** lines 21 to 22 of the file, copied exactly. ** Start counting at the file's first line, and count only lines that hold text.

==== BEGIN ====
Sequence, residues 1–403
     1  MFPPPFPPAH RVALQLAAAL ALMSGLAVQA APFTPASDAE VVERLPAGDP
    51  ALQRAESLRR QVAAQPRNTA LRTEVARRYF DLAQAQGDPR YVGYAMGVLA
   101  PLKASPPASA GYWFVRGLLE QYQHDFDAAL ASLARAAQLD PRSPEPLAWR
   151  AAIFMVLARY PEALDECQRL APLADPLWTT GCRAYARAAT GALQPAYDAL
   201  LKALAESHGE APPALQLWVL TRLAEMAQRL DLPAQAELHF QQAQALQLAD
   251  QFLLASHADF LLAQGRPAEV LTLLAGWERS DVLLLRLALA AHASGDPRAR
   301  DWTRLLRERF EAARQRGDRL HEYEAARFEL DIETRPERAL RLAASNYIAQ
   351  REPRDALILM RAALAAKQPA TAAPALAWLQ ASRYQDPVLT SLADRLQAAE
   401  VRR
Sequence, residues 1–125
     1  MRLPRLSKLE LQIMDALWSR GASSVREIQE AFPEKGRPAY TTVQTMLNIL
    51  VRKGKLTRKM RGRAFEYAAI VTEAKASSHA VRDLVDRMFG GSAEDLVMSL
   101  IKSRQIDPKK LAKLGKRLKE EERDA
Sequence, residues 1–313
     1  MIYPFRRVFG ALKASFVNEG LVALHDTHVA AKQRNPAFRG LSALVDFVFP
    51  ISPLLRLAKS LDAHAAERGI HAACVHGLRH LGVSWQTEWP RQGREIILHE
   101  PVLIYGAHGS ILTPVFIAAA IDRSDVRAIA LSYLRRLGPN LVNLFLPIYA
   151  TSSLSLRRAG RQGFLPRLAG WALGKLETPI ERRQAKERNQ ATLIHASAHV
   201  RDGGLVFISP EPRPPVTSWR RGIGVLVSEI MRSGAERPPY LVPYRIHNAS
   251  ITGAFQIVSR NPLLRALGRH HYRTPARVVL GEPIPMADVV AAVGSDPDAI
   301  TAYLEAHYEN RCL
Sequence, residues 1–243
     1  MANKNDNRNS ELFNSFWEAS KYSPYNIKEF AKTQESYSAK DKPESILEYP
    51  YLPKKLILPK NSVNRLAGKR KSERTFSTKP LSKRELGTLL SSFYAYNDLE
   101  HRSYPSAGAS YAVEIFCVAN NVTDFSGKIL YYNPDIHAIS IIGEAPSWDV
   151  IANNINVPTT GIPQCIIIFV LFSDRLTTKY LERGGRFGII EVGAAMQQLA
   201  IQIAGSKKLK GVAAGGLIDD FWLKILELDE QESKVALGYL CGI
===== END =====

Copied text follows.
   251  ITGAFQIVSR NPLLRALGRH HYRTPARVVL GEPIPMADVV AAVGSDPDAI
   301  TAYLEAHYEN RCL